That way, even if your account is closed and your online data is discarded, you won’t lose anything important, other than perhaps the actual email address that was once yours.
But if you’ve not paid attention to it for two years, how important can it be, really?
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Footnotes & References
1: This actually represents a fairly significant change. Prior policies had Microsoft taking actions at 30 and 90 days of inactivity.
13 comments on “Will Microsoft Close My Hotmail Account If I Don’t Sign In?”
What about the Windows10 mail app on my computer? I use that to read my mail. I hardly ever sign into Outlook.com, but the mail app client does whenever there’s mail to deliver.
The thing I’m having trouble with is the Windows10 calendar won’t sync to the outlook.com calendar. Every time Windows10 updates, I lose the appointments that I’ve put into the Windows10 calendar. The Windows 10 app tell me they can’t save my client calendar inputs. Help says I should stay signed into outlook.com all the time, but I don’t know if that is safe internet practice? Is there another way(?), Or is it safe enough to stay signed in all the time?
The Windows 10 mail app signs in to your account to fetch email, so that would count as “activity”.
I stay signed in all the time on computers I trust. (i.e. my desktop at home)
Thanks, That’s good enough for me.
If you use your Microsoft account to log into Windows, your logged into your Microsoft account anyway, so having it monitor your email wouldn’t add any other vulnerabilities.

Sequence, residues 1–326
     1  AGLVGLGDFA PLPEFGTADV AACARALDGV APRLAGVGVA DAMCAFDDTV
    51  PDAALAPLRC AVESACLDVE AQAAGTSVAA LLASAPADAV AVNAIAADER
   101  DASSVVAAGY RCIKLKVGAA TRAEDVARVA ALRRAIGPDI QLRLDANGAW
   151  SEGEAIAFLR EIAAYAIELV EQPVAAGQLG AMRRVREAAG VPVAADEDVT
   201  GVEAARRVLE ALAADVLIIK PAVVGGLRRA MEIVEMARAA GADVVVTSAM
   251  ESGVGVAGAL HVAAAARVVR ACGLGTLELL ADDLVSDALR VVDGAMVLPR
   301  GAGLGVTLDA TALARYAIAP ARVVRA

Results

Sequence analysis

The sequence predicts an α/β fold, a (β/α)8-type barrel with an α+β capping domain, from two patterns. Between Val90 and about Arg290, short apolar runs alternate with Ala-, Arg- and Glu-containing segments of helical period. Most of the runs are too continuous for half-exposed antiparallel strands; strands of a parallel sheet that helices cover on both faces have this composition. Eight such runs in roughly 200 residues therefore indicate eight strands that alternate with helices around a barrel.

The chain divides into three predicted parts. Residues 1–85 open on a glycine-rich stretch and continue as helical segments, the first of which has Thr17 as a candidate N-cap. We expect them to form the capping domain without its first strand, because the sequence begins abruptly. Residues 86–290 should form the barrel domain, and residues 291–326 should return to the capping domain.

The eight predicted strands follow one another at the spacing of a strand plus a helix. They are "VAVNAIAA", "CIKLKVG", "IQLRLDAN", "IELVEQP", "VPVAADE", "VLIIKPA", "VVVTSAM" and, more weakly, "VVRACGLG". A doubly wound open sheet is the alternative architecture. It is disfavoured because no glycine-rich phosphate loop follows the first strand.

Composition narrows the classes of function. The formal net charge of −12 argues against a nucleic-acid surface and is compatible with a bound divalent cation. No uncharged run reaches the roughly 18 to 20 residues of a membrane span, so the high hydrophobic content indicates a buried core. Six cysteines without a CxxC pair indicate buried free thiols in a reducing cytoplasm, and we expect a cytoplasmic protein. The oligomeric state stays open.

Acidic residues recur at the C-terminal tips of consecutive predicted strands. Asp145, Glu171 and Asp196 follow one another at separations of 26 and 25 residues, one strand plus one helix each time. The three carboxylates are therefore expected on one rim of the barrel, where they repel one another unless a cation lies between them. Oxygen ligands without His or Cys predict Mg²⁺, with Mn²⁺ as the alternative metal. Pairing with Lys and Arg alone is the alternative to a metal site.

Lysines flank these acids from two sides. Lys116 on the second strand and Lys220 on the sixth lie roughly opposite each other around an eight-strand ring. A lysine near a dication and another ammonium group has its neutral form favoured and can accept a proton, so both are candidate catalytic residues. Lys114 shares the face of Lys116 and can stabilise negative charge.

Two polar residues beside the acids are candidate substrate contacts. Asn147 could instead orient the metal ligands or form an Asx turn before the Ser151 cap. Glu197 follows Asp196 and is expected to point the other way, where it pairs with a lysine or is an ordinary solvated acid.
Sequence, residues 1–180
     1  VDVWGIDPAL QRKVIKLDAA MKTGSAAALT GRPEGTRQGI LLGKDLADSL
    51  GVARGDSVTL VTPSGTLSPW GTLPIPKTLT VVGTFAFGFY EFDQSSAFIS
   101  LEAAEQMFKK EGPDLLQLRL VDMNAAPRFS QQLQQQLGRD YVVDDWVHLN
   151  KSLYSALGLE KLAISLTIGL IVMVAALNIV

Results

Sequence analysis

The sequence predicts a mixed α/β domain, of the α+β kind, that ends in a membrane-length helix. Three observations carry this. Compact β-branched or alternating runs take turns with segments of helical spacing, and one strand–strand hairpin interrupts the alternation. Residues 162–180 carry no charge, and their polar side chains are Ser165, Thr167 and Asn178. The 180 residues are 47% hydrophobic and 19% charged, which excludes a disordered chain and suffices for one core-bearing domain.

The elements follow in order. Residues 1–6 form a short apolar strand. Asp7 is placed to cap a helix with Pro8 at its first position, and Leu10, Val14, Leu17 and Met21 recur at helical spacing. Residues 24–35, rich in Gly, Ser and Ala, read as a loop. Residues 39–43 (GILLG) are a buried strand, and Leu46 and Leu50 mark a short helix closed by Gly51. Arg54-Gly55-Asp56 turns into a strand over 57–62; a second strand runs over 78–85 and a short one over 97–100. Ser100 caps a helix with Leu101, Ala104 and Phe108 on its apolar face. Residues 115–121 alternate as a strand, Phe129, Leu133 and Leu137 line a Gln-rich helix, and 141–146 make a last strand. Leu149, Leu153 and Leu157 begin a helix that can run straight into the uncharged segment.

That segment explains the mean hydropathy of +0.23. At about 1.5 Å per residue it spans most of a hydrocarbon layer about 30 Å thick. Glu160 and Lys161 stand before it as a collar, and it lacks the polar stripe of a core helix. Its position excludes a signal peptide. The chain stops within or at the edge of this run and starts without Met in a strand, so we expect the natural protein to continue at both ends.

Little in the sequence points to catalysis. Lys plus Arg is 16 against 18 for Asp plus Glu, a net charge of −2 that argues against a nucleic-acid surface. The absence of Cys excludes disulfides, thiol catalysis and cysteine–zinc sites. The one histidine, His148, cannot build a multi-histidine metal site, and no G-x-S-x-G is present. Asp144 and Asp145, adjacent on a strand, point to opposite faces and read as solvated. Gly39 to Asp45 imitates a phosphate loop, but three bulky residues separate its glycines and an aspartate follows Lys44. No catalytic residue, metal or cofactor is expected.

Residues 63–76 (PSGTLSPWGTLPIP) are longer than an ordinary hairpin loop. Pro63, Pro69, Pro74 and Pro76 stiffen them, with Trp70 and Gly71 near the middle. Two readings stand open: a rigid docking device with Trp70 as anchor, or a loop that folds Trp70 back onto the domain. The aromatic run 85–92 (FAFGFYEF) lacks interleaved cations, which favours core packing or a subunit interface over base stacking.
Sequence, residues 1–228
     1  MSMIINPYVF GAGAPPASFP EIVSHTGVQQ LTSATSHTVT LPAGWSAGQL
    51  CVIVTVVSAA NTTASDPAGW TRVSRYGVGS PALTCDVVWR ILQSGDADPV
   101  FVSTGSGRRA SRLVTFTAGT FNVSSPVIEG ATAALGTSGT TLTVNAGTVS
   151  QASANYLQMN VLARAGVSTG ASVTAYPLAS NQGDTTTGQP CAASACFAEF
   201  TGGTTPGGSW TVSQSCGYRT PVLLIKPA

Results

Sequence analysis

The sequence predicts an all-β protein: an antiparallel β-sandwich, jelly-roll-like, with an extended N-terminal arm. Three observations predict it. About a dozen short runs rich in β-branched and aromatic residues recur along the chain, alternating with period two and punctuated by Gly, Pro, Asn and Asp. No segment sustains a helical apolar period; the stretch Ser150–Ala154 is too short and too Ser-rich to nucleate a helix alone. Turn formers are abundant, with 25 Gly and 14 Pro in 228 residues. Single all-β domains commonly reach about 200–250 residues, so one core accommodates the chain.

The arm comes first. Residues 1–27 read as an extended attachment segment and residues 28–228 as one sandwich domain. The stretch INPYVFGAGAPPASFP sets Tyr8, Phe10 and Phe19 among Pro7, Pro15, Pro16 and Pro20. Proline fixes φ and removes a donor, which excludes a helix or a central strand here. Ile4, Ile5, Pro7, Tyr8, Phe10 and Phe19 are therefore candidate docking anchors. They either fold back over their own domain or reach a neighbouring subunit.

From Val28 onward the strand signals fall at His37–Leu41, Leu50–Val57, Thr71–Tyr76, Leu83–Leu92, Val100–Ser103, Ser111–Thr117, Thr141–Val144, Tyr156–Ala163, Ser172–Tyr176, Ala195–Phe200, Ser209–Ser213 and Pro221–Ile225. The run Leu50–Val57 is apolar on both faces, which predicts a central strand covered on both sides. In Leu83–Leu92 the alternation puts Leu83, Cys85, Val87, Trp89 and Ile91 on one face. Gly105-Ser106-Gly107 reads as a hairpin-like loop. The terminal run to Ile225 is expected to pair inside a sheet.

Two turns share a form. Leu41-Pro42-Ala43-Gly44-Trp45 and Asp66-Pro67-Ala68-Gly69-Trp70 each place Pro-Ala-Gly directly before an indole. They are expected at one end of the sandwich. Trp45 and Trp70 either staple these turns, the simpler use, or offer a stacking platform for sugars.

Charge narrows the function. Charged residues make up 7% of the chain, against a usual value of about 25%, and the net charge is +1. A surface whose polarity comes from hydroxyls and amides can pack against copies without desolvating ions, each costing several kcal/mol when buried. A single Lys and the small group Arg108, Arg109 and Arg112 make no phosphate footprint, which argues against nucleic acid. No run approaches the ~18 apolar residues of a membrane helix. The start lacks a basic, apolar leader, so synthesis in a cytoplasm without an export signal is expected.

There must be difference between signing into your computer with a password or a pin. I thought the result was the same. I sign into my computer with a pin and when I sign into outlook.com, I am prompted for my user name and password. It is easier for me to remember a four digit pin without LastPass help. After the password manager is turned on it is easy to give outlook.com what it needs.
I just got this email from Google about Gmail and they have a similar policy:
If you use your Microsoft email account, then you are logging into your Microsoft account regularly.
If it’s only a secondary account, you can have your main email account set up to retrieve your Microsoft mail. Then you don’t have to think about it. Gmail and many other email service providers have that feature.
How Do I Route My Email through Gmail?
I use Gmail on my phone (forced to, as the phone won’t even start up without a google account).
I have added my Hotmail and Yahoo accounts to it, and frequently visit them through Gmail.
This is much better for me, as before when everything was PC (website) based, I would regularly get warnings that I didn’t visit often enough and my e-mail addresses needed ‘re-activating’.
I use One Drive regularly. Does that count?
As long as it’s signing in with the correct Microsoft account, yes.
if I use my hotmail account on a Mac desktop does this mean I have agreed to Microsoft’s Service Agreement? I bought Microsoft Office to use Word and Excel, I don’t pay a subscription.
If you use a Hotmail account (outlook.com), you’ve agreed to their Terms of Service (TOS). Almost all, if not all, programs and services require you to agree to their TOS.
I created an account back in March of this year that used the same email address I had a long time ago, probably 2002 or so. It appears they did recycle this particular account. But the Microsoft Services Agreement appears to have changed. It doesn’t include the language that is referenced on this page about recycling. Microsoft has been telling people that they don’t recycle email accounts. It appears that they changed their policy right after I re-created my old account back in March. I got an email from them in April saying that their policy on deleted accounts has changed. Here is a link to Microsoft’s website. Can I safely assume that if I delete my re-created account that it won’t be recycled? Line 6 talks about this.
Here are a couple of links to Microsoft’s answers website so you can see them telling people they don’t recycle accounts.